Zhou Xufeng from the China Social Enterprise and Social Investment Forum completed the topic of China’s civil society development with an input on social enterprises and their contribution to social innovation. According to Mr. Zhou, in recent years there haves been a large number of social enterprises emerging in China, a parallel trend to the emergence of more and more NGOs. He defined Chines social enterprises as firms (whether profit or non-profit) that see solving social issues and creating social value— rather than maximizing profit—as their priority.
At the Boao Forum on Hainan in October 2015 there were many young people who originated from the countryside and decided to go back and start a social enterprise. He presented many model cases which received moral support by Premier Li Keqiang. But at present, China has no formal policy document laws, regulations regarding social enterprises, and no clear definition or categorization. This has led to prejudices and mismanagement among entrepreneurs, but also within the perception of the public. His association-like network hopes to boost the development of social enterprises and social investment industry in China, by providing services and training to social entrepreneurs.
According to Mr. Zhou, in five to ten years most of the Chinese enterprises should have become sustainable enterprises. Moreover, his network is currently working on a certification for social enterprises. One of the European twinners wanted to know the benefits of getting a certificate. Mr. Zhou answered that governmental support would be provided to certified enterprises. Also, investment banks and the young rich investors are eager to put their money into something meaningful, therefore they trust more in Social enterprise which had been certified.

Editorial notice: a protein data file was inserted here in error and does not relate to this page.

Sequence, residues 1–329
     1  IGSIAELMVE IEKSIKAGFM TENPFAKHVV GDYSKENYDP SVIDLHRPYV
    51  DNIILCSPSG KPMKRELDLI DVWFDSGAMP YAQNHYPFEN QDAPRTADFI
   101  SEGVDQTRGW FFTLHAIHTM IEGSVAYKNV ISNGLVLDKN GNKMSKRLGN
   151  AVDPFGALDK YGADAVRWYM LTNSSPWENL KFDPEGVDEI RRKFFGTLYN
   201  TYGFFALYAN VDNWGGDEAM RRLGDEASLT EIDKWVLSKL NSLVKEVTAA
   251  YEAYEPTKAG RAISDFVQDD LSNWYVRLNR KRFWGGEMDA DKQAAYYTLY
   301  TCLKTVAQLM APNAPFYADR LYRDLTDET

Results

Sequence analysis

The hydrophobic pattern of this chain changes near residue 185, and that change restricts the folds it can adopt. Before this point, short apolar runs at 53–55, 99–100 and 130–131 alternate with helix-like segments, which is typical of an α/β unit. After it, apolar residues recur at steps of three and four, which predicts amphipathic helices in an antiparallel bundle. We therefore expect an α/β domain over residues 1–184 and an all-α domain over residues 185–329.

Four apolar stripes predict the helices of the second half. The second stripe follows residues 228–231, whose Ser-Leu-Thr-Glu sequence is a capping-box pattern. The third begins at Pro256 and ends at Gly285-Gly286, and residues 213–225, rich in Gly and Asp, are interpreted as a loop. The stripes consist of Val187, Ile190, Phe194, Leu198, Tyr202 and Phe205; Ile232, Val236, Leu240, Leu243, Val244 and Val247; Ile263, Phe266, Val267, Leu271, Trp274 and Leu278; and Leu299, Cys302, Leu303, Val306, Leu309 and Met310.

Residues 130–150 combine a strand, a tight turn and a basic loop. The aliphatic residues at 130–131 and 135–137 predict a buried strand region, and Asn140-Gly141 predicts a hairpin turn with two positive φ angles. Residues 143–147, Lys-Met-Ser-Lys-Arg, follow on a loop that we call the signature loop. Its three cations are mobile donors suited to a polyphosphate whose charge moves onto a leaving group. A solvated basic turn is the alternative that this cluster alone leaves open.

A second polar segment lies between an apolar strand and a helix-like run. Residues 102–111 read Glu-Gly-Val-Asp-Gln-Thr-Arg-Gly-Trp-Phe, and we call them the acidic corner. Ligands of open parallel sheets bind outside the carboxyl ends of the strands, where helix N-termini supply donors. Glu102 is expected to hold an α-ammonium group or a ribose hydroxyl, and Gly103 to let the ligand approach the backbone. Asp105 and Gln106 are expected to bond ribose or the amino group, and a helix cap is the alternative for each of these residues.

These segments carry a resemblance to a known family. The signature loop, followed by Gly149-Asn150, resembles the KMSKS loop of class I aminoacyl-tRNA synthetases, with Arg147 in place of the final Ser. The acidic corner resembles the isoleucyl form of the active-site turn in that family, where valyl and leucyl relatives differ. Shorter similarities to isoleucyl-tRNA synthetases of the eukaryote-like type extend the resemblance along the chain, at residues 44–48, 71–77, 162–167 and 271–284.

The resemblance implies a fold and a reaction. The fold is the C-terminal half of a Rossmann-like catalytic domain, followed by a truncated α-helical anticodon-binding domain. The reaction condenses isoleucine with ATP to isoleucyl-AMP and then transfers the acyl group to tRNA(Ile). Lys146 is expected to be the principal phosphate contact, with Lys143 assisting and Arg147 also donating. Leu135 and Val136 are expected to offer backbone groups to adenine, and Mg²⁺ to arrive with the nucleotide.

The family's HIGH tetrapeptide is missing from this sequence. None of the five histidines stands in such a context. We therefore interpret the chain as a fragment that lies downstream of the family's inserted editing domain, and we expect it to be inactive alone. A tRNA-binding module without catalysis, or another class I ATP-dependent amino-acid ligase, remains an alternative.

Mr. Zhou also introduced one successful example of social enterprises in China: Fast Fish is a clothing line that fosters rural girls education and train them to become middle level managers. It employs rural girls who have dropped out of school as designers, artists, and factory workers. It offers its workers opportunities for promotion, high wages, and strong networks in the industry.
Public participation on pollution monitoring
Delving more into environmental protection details, Mr. Xin Hao from the local host organization Green Zhejiang introduced Chinese NGO’s approach to utilize internet technology for environment pollution monitoring. Most environmental pollution data in China has to be publicly available by law. However, polluting industries and local environmental protection bureaus are reluctant to follow these rules. Also, the mere data is hardly comprehensible to ordinary citizens.
Chinese NGOs in recent years have started to engage affected netizens for a kind of crowdsourced reporting on local pollution, by developing special smartphone apps. NGOs collect and analyze environmental data and communicate them back to affected communities and the broader public, also via web-based means, such as messaging apps. The data is also visualized through internet pollution maps, and therefore easily comprehensible. Copying the very successful method of the Green Choice Alliance and the NGO IPE Green Zhejiang also relies on the support of the responsible public entities whose feedback is circulated via the internet.